I wrote recently of an event where many young lives ended together, violently and unexpectedly.
This past Christmas Day, a family in my friend's community in Thailand lost its son, husband, father when the effects of a motorbike accident proved beyond recovery.
In May, the day after sustaining my fifth concussion in six years, I attended a movement workshop facilitated by a warm, bubbly woman who spoke gladly of her young sons (it seems there were a couple of us whose rough-and-tumble approach to contact improv brought preteen boys to mind. Hmm.) and her walk with our Creator. I learnt not long after that she had died suddenly: one moment she was back from school run, saying she didn't feel quite right; the next, this physically fit 48-year-old was gone.
I just learnt that my former undergraduate classmate recently suffered a third miscarriage just before Christmas.
I grieved when I heard about each of these. I grieve still. Loss is something that can never be completely reconciled in this life. I grieve for families standing in this instant void that requires a whole new way of living. I grieve for sons and daughters made aware that they must guard memories of the departed parent well if they want them to remain, because no more will ever be added. I grieve for spouses who found a good thing and had it taken away. I grieve for dreams of parenthood that seem too elusive to attain.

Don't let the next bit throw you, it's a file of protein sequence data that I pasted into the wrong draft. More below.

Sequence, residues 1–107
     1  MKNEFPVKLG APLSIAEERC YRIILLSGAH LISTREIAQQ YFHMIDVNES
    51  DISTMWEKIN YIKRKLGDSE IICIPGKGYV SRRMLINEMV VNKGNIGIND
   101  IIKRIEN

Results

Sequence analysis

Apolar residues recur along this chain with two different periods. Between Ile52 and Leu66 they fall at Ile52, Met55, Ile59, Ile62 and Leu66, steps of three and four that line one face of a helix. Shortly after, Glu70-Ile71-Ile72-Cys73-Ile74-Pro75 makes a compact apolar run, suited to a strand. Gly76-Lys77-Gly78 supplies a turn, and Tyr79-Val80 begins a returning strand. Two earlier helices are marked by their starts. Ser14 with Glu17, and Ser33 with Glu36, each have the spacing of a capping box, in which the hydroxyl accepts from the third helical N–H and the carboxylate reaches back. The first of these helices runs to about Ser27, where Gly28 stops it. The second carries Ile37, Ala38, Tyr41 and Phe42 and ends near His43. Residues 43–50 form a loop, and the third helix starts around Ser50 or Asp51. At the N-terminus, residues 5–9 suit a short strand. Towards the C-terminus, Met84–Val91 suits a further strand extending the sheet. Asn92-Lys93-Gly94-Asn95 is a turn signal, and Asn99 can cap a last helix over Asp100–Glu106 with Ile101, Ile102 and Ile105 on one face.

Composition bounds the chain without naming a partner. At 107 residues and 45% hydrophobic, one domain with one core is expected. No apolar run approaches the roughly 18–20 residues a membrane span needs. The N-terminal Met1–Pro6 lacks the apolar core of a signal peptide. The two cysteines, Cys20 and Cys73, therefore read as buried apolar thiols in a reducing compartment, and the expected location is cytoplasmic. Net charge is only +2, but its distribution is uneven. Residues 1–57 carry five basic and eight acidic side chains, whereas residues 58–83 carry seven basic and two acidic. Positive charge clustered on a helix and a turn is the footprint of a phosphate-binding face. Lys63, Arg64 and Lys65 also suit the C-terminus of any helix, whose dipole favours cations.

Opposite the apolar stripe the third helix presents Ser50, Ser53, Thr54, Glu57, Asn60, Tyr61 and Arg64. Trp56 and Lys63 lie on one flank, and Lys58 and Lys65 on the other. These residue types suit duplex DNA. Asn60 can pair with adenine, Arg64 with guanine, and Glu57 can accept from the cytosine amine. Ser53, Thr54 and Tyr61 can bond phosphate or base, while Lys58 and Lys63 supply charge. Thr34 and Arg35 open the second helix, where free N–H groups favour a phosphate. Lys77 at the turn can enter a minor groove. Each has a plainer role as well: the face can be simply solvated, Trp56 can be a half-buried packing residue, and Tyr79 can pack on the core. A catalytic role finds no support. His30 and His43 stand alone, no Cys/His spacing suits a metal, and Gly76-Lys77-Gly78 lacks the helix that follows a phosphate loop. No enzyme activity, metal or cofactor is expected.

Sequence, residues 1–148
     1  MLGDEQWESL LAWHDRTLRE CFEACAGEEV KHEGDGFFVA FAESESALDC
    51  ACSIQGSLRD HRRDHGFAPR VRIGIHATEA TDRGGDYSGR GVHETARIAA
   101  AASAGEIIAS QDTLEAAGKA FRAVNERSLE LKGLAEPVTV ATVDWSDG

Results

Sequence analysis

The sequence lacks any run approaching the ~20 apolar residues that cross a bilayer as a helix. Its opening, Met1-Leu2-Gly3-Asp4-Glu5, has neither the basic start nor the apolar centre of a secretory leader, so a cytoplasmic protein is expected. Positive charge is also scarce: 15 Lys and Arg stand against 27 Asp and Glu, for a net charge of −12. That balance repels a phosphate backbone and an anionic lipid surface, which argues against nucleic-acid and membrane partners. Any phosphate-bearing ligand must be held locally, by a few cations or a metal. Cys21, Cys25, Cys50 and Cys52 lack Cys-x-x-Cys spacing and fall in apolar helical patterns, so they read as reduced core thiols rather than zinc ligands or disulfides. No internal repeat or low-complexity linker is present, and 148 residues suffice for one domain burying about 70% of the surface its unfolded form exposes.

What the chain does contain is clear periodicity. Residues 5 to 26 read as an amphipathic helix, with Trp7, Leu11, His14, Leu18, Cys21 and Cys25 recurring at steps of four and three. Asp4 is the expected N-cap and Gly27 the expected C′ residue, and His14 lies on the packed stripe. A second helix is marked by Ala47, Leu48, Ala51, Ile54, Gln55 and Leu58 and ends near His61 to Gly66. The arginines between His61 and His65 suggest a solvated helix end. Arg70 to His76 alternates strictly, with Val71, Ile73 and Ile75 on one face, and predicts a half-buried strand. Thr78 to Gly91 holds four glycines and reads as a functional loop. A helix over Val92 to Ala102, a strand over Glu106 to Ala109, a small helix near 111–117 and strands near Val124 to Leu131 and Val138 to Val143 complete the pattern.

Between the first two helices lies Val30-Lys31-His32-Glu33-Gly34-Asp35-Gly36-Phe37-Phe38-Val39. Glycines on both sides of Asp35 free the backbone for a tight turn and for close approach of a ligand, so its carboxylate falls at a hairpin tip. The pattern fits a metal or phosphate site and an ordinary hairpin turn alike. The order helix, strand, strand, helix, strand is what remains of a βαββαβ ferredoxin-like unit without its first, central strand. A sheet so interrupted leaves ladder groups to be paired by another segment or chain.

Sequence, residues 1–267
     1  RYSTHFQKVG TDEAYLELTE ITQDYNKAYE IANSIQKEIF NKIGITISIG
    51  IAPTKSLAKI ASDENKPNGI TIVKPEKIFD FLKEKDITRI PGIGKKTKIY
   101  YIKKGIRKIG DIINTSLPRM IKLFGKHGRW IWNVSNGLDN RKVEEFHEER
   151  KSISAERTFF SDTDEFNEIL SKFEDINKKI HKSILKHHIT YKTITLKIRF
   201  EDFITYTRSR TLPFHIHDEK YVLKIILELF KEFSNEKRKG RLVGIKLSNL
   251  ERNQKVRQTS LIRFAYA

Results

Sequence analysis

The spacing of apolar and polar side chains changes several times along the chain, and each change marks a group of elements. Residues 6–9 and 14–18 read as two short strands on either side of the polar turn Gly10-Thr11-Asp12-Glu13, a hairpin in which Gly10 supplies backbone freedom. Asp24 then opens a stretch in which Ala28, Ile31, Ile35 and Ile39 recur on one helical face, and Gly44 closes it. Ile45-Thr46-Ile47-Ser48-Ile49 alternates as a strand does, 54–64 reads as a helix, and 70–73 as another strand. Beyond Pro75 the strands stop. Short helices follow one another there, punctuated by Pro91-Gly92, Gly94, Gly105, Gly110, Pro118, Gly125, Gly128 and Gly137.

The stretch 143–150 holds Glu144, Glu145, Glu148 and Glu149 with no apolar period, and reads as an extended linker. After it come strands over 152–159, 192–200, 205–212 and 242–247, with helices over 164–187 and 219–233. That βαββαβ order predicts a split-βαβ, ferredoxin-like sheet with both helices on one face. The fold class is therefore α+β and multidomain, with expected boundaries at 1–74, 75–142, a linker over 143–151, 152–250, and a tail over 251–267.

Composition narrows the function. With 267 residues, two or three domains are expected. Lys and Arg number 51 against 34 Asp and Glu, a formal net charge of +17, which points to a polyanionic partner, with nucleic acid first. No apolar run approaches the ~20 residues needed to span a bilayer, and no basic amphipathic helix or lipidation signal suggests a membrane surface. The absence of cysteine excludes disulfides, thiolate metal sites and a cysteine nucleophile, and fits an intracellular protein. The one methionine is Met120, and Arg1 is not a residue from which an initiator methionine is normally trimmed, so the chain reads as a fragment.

I grieve for our sense of safety, our belief in the order and fitness of things. This is the way I am; I don't need to take on others' pain. Simply by virtue of being who I am, I already feel it. I used to ask that my heart be made less tender so that I wouldn't hurt so much. Nothing changed; so I am learning instead to ask that my constantly broken heart be made a gift, and that its constant need for healing draw me closer to its beautiful Healer.
In this inevitable grief, I find myself at a point of decision.
Shall I believe that all is not in order and will never be? There is ample evidence to this effect in our clattering, limping world.
Shall I believe that beneath the cruel chaos lies a greater order that we cannot see because of our proximity? There is even greater evidence to that effect if we choose to ask the One who can see.
Faith, someone once wrote, is the conviction of things not seen.
How I ache for that conviction to be loudest as I navigate this seemingly senseless world.